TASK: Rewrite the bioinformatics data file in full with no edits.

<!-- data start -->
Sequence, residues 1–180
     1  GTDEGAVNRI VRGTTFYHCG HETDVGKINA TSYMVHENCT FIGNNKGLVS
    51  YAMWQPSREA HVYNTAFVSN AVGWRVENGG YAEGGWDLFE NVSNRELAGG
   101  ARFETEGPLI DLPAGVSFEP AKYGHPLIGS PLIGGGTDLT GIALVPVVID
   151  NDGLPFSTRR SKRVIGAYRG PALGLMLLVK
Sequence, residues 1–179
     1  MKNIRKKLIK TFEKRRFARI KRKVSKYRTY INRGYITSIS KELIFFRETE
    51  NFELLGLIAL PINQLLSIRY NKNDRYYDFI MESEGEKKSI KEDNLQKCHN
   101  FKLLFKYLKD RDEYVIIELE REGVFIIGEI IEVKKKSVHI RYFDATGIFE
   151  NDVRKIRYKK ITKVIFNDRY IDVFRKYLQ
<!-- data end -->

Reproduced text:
Sequence, residues 1–180
     1  GTDEGAVNRI VRGTTFYHCG HETDVGKINA TSYMVHENCT FIGNNKGLVS
    51  YAMWQPSREA HVYNTAFVSN AVGWRVENGG YAEGGWDLFE NVSNRELAGG
   101  ARFETEGPLI DLPAGVSFEP AKYGHPLIGS PLIGGGTDLT GIALVPVVID
   151  NDGLPFSTRR SKRVIGAYRG PALGLMLLVK
Sequence, residues 1–179
     1  MKNIRKKLIK TFEKRRFARI KRKVSKYRTY INRGYITSIS KELIFFRETE
    51  NFELLGLIAL PINQLLSIRY NKNDRYYDFI MESEGEKKSI KEDNLQKCHN
   101  FKLLFKYLKD RDEYVIIELE REGVFIIGEI IEVKKKSVHI RYFDATGIFE
   151  NDVRKIRYKK ITKVIFNDRY IDVFRKYLQ